Egypt Crisis: Standoff Between Security Forces, Pro-Morsi Protesters At Al-Fath Mosque In Cairo

 @AmruthaGayathri
on August 17 2013 9:11 AM
  • Al-Fath mosque
    Anti-Morsi protesters and riot police officers gather outside al-Fath mosque at Ramses Square in Cairo on Aug. 17, 2013. Reuters
  • Al-Fath mosque
    A soldier holds his weapon on armored personnel carrier positioned outside Ramses Square, near al-Fath mosque in Cairo on Aug. 17, 2013. Reuters
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Egyptian security forces besieged a mosque in Cairo early on Saturday in an effort to force ousted President Mohammed Morsi’s supporters, who are barricaded inside, to leave, leading to a tense standoff, news reports said.

Security forces have been persuading those holed up inside the al-Fath mosque in Cairo's Ramses Square to leave, by promising them a safe exit, but pro-Morsi protesters continue to stay inside, the BBC reported.

Television channels aired footage of police in riot gear near the entrance of the mosque, but there were no signs of violence or forced entry, the report said.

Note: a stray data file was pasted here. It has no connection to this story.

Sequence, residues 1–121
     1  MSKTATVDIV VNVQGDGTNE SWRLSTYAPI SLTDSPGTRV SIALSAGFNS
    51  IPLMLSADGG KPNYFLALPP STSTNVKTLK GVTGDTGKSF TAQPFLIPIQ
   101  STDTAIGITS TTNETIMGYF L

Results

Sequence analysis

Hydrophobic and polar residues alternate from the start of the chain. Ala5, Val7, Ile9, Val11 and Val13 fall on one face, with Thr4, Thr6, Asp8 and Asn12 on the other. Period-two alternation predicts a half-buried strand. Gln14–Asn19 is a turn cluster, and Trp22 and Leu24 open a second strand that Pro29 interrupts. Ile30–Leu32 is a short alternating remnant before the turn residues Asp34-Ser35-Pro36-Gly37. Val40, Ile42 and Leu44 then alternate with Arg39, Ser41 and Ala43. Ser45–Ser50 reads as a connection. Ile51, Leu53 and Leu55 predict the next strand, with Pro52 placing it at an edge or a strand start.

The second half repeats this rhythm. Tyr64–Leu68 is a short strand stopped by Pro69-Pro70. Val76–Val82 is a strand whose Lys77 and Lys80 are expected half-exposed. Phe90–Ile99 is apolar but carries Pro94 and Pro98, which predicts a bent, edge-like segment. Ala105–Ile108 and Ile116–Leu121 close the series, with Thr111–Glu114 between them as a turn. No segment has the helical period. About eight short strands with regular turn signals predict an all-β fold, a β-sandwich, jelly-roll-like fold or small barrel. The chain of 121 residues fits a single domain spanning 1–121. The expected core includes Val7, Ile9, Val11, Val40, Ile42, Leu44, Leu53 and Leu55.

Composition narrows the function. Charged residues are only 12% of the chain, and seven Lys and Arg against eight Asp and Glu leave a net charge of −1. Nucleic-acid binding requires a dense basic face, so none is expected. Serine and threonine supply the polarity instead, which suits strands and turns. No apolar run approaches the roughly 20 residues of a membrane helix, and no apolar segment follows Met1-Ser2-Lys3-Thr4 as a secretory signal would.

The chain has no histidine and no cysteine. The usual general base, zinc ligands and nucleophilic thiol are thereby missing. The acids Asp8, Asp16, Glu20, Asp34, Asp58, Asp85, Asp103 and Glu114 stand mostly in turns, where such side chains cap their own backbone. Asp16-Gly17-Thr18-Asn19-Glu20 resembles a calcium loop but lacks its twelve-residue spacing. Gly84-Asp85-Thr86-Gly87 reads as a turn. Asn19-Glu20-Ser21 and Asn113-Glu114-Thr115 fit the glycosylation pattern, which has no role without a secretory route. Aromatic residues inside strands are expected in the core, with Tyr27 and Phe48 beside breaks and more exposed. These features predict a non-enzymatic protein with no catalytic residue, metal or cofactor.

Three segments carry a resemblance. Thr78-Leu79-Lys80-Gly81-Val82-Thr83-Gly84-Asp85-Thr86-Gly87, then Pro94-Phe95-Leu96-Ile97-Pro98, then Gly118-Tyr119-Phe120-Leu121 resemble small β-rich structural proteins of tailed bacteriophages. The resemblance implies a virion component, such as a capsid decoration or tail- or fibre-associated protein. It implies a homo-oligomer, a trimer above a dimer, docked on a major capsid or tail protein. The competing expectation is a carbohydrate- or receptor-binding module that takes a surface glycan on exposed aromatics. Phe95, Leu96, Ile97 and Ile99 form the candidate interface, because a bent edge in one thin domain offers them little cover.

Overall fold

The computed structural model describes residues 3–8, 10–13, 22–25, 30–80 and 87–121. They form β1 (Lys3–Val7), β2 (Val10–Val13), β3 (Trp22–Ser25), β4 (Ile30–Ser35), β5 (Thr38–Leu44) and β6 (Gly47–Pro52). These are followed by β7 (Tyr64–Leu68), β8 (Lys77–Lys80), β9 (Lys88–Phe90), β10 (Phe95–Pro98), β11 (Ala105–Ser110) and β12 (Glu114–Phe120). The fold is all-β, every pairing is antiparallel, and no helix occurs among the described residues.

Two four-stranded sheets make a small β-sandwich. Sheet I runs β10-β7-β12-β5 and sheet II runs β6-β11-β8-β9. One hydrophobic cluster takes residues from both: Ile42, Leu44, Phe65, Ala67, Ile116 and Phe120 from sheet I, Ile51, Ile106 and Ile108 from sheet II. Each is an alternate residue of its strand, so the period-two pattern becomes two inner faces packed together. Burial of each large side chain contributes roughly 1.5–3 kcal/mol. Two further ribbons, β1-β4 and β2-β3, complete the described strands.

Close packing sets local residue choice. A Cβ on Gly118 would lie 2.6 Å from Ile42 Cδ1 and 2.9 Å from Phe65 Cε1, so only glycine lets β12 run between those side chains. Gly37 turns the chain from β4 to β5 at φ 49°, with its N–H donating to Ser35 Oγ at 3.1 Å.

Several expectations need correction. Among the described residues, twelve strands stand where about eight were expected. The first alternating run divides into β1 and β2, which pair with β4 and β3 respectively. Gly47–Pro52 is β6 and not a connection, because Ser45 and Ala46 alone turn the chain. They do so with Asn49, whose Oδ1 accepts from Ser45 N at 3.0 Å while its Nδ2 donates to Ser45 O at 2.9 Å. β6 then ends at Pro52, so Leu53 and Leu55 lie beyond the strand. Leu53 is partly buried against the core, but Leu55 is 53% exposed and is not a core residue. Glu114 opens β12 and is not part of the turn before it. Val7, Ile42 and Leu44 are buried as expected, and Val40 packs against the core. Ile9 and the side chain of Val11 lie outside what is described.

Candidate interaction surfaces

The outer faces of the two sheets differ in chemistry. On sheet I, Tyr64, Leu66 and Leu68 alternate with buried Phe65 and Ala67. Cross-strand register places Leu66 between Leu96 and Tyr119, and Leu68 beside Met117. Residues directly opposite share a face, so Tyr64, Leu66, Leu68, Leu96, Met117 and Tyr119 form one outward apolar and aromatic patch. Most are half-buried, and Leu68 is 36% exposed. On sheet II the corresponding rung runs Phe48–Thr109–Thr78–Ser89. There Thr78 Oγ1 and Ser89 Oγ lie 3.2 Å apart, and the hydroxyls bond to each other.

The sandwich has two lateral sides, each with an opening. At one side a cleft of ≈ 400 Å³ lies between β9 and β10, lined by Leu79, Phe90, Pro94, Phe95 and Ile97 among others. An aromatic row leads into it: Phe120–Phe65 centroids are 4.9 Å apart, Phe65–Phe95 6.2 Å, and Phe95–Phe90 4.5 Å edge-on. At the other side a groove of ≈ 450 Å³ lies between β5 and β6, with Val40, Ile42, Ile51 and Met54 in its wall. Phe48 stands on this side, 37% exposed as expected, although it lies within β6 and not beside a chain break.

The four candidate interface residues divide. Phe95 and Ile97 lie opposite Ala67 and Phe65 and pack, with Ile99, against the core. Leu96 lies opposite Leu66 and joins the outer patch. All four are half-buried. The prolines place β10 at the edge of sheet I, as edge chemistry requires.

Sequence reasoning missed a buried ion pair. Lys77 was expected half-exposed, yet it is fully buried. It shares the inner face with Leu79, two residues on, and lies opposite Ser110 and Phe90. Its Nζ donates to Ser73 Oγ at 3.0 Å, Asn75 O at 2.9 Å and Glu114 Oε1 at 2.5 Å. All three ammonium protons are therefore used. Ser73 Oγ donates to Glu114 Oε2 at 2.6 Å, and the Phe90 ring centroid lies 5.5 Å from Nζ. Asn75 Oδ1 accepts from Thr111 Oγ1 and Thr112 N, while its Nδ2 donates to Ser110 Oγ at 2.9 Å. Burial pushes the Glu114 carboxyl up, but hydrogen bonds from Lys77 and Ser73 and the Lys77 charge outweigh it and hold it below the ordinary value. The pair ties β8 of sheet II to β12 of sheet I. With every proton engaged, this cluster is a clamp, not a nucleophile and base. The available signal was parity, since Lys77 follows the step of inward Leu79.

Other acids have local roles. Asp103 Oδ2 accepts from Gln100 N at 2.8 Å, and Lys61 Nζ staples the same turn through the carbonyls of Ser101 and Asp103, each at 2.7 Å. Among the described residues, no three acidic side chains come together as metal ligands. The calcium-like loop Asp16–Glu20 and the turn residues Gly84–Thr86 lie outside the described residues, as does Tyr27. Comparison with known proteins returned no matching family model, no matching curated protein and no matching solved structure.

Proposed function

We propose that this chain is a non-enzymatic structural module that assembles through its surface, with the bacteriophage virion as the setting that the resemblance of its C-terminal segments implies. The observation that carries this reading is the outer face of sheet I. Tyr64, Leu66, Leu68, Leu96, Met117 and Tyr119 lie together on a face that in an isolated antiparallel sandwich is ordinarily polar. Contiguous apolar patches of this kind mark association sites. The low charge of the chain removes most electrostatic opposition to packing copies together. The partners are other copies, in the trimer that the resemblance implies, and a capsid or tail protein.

An estimated 1,000 people were believed to have entered the mosque following Friday’s violence, during which more than 80 people died and about 1,000 protesters, belonging to Morsi’s Muslim Brotherhood Islamist political organization, were arrested.

Several among those who sought refuge inside the mosque have left, but scores remain inside, and according to two protesters who spoke to the BBC, they did not trust security forces’ promise of safe passage.

Security officials said armed protesters inside the mosque opened fire on the police, official state news agency MENA reported.

Pro-Morsi protesters have vowed to renew demonstrations on Saturday and throughout the next week after deadly clashes with security forces caused about 700 deaths this week across the country.

“The demonstrations will kick off every day throughout the week from the same points today’s demonstrations were launched in Cairo, Giza and the provinces,” a statement published on Friday on the Muslim Brotherhood’s website said.

In the statement, Morsi’s supporters reiterated their “commitment to fully non-violent demonstrations” and denounced “all attacks on places of worship as well as public and private property.”

On the streets of Cairo, armored security personnel continue to patrol, while the army blocked all entrances to Tahrir Square -- the flashpoint of demonstrations in 2011 that led to the ouster of former President Hosni Mubarak.

Meanwhile, groups that lend support to the army-backed interim government in Egypt have called for counter-demonstrations in the coming days, the BBC reported.

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